PARIS — Emmanuel Macron the risk-taker is back. Never having won an election of any kind, he embarked on a wild political gamble in 2016 and a year later, at 39, became the French president. Now, with nine months until the next election, this leader who has had no qualms about concentrating power has decided to try to coerce a people steeped in the values of liberty into getting vaccinated against the coronavirus.
Responding to a surge in cases of the highly infectious Delta variant, Mr. Macron, in an address to the nation Monday, stopped just short of imposing universal mandatory vaccinations, but he made clear that the lives of unvaccinated French people would quickly become miserable. He wielded a big stick, personalizing power in a way that has in the past led to criticism of him as a Jupiter-like figure.
If there is always a tension in France between its Jacobin, state-directed instincts and its Enlightenment embodiment of the freedom of the individual, this was a case of the president laying down the law and telling citizens to get in line or else.
“If you want to be free and responsible, you vaccinate — your choice and your consequences,” said Jacques Rupnik, a political scientist. “That was the president’s message. The risk, however, is of a dual, or two-speed, society.”
That risk was put most bluntly by Michèle Rivasi, a Green member of the European Parliament with a history of vaccination skepticism, who declared, “This is apartheid in the land of human rights.”
The more than 2.2 million people who signed up to get vaccinated in the 48 hours since Mr. Macron spoke appeared not to agree with Ms. Rivasi. Their haste suggested that all the French needed to get the vaccine was a powerful prod of a kind not seen up to now.
Certainly, such presidential conviction was nowhere to be seen back in April when Mr. Macron declared that a health pass “will never be a right of entry that differentiates between French people.” His health minister, Olivier Véran, noted at the same time that France has “a passion for equality” and that it was “almost inconceivable that when places reopen, they will not reopen to everyone.”
The Delta variant buried such commitments and predictions.
In France, as of Aug. 1, anyone without a “health pass” showing they have been vaccinated or recently tested negative will not be admitted to restaurants, cafes or movie theaters, and they will not be able to travel long distances by train, Mr. Macron said.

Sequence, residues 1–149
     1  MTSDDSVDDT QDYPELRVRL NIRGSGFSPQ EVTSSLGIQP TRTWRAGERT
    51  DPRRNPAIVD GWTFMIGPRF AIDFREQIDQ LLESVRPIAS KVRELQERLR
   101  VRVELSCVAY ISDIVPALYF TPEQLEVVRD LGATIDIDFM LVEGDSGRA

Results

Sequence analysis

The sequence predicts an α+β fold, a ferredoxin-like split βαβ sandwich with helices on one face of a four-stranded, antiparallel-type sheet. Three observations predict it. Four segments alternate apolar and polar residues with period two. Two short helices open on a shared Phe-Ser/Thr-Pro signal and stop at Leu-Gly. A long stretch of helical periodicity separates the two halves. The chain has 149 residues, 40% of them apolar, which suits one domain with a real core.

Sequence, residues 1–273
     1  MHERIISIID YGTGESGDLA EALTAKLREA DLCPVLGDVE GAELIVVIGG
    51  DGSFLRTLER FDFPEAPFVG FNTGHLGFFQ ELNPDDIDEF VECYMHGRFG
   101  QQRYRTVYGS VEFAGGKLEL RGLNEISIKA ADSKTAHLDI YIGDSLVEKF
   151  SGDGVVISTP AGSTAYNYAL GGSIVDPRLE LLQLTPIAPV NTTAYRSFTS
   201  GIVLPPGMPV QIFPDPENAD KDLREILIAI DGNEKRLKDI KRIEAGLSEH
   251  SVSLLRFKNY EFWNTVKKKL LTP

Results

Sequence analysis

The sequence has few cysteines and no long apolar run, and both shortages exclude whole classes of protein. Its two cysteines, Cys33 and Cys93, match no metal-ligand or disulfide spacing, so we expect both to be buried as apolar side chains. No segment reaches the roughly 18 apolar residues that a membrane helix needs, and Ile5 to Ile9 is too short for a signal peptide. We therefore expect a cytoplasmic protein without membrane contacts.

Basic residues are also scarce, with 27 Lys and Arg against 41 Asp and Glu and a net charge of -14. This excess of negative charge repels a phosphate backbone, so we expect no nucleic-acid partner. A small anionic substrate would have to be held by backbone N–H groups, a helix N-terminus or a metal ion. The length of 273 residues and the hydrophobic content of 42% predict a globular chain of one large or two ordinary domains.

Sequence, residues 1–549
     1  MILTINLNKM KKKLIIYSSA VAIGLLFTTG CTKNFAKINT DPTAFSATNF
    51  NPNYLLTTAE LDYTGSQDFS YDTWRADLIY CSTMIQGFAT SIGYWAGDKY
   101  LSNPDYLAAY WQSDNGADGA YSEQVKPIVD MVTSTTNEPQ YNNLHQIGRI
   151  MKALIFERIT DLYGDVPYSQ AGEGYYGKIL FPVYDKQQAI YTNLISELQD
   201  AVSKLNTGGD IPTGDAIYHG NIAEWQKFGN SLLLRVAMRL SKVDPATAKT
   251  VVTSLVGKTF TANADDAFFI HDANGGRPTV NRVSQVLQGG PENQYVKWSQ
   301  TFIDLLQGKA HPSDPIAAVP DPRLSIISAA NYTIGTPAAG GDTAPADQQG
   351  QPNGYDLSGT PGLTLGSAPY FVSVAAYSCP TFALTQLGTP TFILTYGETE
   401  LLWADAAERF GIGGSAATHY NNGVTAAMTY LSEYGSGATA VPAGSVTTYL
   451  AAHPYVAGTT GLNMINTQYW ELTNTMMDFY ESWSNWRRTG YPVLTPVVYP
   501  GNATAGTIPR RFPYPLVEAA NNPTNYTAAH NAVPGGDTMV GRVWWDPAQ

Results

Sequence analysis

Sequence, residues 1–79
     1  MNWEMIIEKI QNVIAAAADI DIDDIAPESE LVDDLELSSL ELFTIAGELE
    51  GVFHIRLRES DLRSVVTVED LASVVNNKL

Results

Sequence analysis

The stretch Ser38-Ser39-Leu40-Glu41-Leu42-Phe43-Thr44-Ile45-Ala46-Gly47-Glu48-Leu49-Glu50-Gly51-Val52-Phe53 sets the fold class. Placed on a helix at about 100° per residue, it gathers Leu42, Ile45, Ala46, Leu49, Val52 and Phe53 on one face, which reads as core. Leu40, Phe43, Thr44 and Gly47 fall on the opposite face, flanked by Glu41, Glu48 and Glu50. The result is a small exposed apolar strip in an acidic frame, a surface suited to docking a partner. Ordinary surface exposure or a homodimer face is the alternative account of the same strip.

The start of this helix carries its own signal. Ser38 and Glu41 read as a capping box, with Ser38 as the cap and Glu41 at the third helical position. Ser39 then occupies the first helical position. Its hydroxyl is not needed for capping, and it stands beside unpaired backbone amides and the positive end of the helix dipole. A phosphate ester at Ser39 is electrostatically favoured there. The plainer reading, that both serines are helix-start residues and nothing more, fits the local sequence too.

Many tests will cease being free in the fall “to encourage vaccination” before then. As for health workers, if they are not vaccinated by Sept. 15, they face suspension of pay, even dismissal.
Among European Union states, only Greece and Italy have made vaccination mandatory for health workers.
Opposition politicians, especially on the far-right and left, sharply criticized Mr. Macron’s dirigiste turn. “An indecent brutality,” Marine Le Pen, the rightist leader, said in a post on Twitter, responding to the admonition to health workers. For Jean-Luc Mélenchon, who leads an extreme left party, this was the act of a “presidential monarchy.”
The spectacle of the far right and the far left standing up for French “liberties,” while centrist liberals embraced top-down discipline was unusual. On balance, Mr. Macron’s gamble seemed to be working.
A free choice for the collective good is something to which the French are responsive. It feels like liberty and fraternity.
An outright imposition of mandatory vaccination would have been far more provocative. Mr. Macron has not, however, ruled out that ultimate step as the price of France attaining post-Covid status.
“I sense a feeling of relief that there’s finally somebody at the helm,” said Nicole Bacharan, a social scientist. “I certainly felt that.”
Vaccination has been a stop-go affair in France with polls suggesting last year that more than half of French people opposed vaccination. A segment of the population inclined to plot theories and skeptical of anything “elites” impose has resisted the idea that inoculation is the best response to the pandemic. About 36 percent of the population is now fully vaccinated, and a little over half has had at least one dose.
For Mr. Macron, the political calculus for his gamble probably seemed powerful. In many ways his address resembled a declaration of his candidacy for the 2022 election. A fourth wave of the pandemic later this year after France has already gone through three national lockdowns would almost certainly compromise his chances of re-election.
He has said a strong economic rebound is underway. It would not survive the renewed shuttering of stores and businesses and another curfew.
The president’s decision placed France ahead of most European states in making vaccination near mandatory. Britain, with many more people already vaccinated, is moving in the opposite direction. Despite a similar surge in Delta variant cases, it is on course for “Freedom Day” on Monday, when the government of Prime Minister Boris Johnson says most remaining Covid-19 restrictions will be lifted.
In the United States, it is unlikely that any attempt at the federal level to impose the restrictions now envisaged by Mr. Macron would garner congressional approval. In France, Mr. Macron has a majority in the National Assembly, which should ensure that his proposals are voted into law.
Mr. Macron is touring the country in an attempt to “feel the pulse” of the nation, as he puts it. He will go next to the Hautes-Pyrénées region in the southwest, where he will get a first on-the-ground sense of whether driving the French to vaccinate themselves is a winning step, or sets the country on course for what is known here as a “fracture sanitaire,” or health fracture, which could turn into a nasty break once people start being turned away from restaurants.
Putting a health pass between the French and a meal is never without significant risks.